Can I keep some debts out of my bankruptcy?

Bankruptcy clients often wonder whether they can leave off certain debts on their bankruptcy filing. The short answer is "no." The long answer? Also "no." This usually comes up where you have a #1 favorite credit card (triple bonus miles!) or a debt you owe to a friend or family member that you don't want to wipe out. But the rules for unsecured nonpriority debts (credit cards, personal loans, etc.) don't allow you to keep any debts out of your bankruptcy case, and leaving them out on purpose can ruin your case. So here are a couple of things you might need to know:

1. If you owe a balance, we have to list it. You can leave a credit card out of your bankruptcy only if there's no debt owed on the card. If you owe even a dollar-fifty, we have to list in your papers. But chances are, whether there's a balance on the credit card or not, the card issuer will close your account--many credit card companies check your credit report regularly and they'll know if you've filed even if they weren't listed in your bankruptcy.

But this doesn't mean you should rush to pay off debts on credit cards so you can keep them. Payments made to a creditor in the 90 days before filing are called preferences, and they can be recovered by the trustee and distributed to other creditors. So any money you might pay to a creditor right before filing might end up costing them when they have to defend a preference lawsuit by the trustee. The lesson? You should probably just hold onto your money.

2. Friends and family you owe money to will have to be listed. When we ask a client to list their creditors, people often forget to list friends and family that they've borrowed money from. Or sometimes, they don't want these people to know that they're filing bankruptcy and they leave them off. This is a bad move. If you intentionally leave off a creditor from your filing, you may be denied discharge for withholding information from the bankruptcy court. Also, that stuff I mentioned about preferences a minute ago? Repayments to friends and family may be preferences (meaning the trustee can sue that creditor) if made a full year before filing.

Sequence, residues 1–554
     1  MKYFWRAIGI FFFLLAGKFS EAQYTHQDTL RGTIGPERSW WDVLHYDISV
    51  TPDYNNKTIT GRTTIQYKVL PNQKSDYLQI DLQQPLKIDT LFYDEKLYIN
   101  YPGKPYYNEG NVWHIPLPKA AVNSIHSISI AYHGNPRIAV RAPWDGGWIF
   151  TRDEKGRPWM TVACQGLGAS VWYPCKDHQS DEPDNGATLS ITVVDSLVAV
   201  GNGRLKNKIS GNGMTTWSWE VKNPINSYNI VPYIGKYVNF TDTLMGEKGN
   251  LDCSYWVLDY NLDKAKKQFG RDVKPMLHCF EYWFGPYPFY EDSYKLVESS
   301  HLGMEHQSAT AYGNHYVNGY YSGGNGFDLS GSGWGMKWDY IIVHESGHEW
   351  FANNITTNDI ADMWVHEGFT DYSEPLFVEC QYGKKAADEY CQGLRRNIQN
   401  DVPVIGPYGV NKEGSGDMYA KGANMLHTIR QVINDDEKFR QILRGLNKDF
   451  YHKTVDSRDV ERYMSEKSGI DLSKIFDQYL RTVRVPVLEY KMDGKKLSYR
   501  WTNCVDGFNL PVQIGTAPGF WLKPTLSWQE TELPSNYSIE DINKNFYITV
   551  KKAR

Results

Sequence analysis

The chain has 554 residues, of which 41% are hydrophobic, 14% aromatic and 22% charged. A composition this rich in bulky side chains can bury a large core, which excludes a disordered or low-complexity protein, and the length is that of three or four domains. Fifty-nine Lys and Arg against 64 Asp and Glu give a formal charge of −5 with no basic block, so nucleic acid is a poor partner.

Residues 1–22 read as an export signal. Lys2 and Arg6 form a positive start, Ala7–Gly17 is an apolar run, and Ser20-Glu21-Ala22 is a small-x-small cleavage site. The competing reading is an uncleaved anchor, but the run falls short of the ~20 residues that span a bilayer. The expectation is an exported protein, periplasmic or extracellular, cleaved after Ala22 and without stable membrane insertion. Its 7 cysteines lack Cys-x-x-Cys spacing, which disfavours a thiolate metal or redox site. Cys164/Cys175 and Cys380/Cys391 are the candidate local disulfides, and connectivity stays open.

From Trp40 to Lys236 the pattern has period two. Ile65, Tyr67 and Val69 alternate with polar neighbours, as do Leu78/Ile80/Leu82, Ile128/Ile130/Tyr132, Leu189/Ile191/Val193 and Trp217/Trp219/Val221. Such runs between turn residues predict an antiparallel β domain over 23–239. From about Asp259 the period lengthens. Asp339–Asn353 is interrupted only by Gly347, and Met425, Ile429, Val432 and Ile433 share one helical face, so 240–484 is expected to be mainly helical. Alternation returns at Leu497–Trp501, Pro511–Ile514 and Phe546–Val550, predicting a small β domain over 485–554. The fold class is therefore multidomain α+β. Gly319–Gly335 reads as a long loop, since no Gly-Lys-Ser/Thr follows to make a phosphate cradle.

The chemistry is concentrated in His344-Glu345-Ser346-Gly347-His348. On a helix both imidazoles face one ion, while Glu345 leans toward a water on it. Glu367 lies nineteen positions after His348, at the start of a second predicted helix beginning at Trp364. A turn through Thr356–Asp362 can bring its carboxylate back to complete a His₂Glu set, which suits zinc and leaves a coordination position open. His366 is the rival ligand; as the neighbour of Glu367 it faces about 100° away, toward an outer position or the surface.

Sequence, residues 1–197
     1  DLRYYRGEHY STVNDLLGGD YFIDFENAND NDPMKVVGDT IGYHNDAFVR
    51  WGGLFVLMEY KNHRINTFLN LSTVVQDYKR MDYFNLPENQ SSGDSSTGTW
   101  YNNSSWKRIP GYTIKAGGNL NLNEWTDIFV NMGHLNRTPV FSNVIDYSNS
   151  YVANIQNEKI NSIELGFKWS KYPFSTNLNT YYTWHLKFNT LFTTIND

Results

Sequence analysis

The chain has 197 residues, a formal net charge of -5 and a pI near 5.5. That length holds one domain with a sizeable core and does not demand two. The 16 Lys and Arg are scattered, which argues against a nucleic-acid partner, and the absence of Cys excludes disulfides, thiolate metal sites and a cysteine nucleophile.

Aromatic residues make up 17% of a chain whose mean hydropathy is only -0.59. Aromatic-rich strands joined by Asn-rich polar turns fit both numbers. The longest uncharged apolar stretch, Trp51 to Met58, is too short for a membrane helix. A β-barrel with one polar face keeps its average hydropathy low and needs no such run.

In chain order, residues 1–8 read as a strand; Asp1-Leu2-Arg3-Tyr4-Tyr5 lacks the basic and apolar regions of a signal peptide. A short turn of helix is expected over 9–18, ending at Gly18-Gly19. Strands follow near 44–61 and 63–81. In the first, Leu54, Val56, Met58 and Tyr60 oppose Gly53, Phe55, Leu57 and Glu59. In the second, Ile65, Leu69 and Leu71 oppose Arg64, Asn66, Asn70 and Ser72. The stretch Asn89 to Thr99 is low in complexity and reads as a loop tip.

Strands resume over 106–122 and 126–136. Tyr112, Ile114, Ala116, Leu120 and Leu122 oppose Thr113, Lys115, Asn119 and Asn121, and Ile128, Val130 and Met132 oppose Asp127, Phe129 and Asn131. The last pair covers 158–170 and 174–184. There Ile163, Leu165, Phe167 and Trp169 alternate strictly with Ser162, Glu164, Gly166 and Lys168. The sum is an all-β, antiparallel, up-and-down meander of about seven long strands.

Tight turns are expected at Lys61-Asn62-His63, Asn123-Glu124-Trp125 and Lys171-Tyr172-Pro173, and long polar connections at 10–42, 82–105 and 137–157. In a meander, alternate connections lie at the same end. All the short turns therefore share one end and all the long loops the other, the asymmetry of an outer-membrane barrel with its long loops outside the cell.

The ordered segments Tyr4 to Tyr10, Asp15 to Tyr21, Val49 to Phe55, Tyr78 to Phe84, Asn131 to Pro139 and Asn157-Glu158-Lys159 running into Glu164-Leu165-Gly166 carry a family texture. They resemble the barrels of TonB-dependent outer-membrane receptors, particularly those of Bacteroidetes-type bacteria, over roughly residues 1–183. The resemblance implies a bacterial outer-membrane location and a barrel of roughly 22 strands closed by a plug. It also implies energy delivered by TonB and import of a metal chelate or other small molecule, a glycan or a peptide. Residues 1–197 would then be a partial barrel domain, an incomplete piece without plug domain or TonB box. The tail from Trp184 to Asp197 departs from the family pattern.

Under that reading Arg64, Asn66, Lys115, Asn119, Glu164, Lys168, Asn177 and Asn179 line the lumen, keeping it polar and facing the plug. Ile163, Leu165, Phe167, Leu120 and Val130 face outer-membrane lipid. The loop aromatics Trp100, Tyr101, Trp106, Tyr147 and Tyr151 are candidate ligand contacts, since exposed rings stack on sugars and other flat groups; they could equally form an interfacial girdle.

Instead of letting you jeopardize your case, we'll give you pointers on how to have that tough conversation with your mother-in-law where you tell her you're wiping out your debt to her. (Tip 24: Leave the car running for a quick getaway)

3. You can pay back any debt you want after bankruptcy. Your bankruptcy case will wipe out your legal obligation to pay most debts. This means that once your case is filed, the creditor can't take action against you (not even a "pretty please") to collect the debt. However, if you want to pay a debt after your bankruptcy, nobody's going to stop you. It's none of the Bankruptcy Court's business if it's done after your case has ended.

The moral of the story? No secrets allowed if you want to make it through bankruptcy without any problems. Tell your attorney about any of the pitfalls that might be getting in your way and you should sail through bankruptcy smoothly. If you have any questions, just let us know.